- Another downside is that many Christmas tree farms use pesticides and artificial fertilizers, which are not good for surrounding eco-systems, nor for your health. However, depending on where you live, you may be able to purchase an organically raised Christmas tree. Here are some green resources websites that can help you in your search for a sustainable Christmas tree or any other sustainable products your heart could desire:
Here is a (somewhat) local Christmas tree farm serving the NYC area:
Buying a Living Tree
If you want to go uber green or cut trees just make you a little sad, opt to buy a Christmas tree with its roots still intact. Keep in mind, however, that a living tree can only be indoors for about a week, lest it “wake up” and begin to grow again in the warmth of your home. If this happens there is a good chance the tree will not survive once it is replanted in the cold winter outdoors. You would also need to gently transition the tree indoors for about two weeks beforehand, inside a garage or enclosed porch. You would need to put the tree back in the enclosed porch or garage after its week indoors to gently transition it back outside. For more information on buying and caring for a living tree, go to:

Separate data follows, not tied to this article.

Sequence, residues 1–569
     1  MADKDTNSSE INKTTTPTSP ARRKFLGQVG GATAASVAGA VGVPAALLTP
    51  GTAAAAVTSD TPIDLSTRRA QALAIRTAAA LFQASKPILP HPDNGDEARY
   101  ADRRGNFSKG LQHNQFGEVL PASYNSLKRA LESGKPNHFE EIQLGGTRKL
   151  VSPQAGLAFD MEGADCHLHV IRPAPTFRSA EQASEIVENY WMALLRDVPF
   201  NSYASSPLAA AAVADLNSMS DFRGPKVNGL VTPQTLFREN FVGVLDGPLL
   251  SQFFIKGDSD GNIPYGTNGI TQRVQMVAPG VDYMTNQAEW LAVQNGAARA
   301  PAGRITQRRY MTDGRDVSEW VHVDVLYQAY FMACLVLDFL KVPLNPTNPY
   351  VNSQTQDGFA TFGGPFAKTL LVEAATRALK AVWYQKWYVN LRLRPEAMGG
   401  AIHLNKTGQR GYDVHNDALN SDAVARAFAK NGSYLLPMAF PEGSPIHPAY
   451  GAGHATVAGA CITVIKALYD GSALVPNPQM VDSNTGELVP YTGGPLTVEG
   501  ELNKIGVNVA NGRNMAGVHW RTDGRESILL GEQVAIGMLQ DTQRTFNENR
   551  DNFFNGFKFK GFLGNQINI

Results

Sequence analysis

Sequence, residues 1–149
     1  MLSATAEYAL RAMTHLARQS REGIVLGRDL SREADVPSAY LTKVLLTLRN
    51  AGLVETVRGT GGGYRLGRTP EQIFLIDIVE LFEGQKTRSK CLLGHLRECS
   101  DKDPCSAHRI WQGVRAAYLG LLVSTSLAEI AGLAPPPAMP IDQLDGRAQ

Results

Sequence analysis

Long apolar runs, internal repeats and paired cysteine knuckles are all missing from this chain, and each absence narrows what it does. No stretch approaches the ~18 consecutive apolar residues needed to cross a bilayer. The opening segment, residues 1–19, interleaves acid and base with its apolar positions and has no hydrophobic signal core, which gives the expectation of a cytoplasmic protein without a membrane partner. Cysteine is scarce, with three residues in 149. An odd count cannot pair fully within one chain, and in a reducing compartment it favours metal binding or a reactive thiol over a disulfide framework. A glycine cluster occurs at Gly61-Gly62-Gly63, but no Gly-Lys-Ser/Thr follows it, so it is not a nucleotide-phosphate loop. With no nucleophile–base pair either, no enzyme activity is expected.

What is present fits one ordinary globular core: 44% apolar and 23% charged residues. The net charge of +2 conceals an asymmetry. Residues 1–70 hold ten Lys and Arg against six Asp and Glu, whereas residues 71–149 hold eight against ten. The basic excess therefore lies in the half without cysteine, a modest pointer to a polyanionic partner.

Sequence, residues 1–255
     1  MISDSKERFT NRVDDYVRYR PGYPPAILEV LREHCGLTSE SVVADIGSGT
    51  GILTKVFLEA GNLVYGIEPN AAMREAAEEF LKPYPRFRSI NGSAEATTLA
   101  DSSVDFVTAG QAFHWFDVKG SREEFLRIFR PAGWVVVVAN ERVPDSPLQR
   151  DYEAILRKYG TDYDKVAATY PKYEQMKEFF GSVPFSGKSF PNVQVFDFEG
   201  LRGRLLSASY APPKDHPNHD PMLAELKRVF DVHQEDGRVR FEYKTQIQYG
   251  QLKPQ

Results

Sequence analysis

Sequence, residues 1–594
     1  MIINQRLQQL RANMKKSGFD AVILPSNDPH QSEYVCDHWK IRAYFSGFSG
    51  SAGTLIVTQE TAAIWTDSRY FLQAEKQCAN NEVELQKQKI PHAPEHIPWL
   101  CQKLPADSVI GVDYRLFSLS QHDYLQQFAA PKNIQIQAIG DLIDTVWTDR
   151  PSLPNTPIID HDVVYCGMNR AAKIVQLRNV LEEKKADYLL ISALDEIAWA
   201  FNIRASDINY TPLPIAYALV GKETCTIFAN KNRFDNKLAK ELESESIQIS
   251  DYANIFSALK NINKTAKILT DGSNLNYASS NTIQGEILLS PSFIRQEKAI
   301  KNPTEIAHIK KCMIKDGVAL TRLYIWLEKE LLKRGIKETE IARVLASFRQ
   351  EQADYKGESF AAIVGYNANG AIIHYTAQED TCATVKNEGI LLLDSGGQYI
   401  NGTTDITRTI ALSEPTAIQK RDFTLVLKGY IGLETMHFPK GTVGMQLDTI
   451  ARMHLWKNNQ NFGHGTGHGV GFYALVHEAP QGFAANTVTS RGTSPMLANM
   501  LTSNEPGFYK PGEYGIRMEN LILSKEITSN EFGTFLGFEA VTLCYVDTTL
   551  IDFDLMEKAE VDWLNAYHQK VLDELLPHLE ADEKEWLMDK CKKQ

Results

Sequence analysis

A few online articles also mentioned keeping the tree in a pot for a few years so it can be reused as a Christmas tree again. I assume that they mean a smaller potted Christmas trees that wouldn’t quickly outgrow the ability to fit indoors. I also assume that the tree would live outdoors in a pot when it is not the holiday season:
Last, but not least, I am teleported back to childhood, when we had our first “Christmas tree”. Well, it was not really a Christmas tree in the traditional sense; it was my mom’s potted Norfolk Pine houseplant that was suddenly transformed into an exotic, four foot Christmas marvel. Needless to say, Peanutbutter, our fluffy tan and white cat, could not resist climbing the Norfolk Pine, which bowed under his robust weight, to retrieve Christmas ornaments dangling off it. We later found the said ornaments floating and sparkling in the toilet. On that note, may your holiday be warm, wonderful, magical and perhaps, even a little bit playfully mischievous!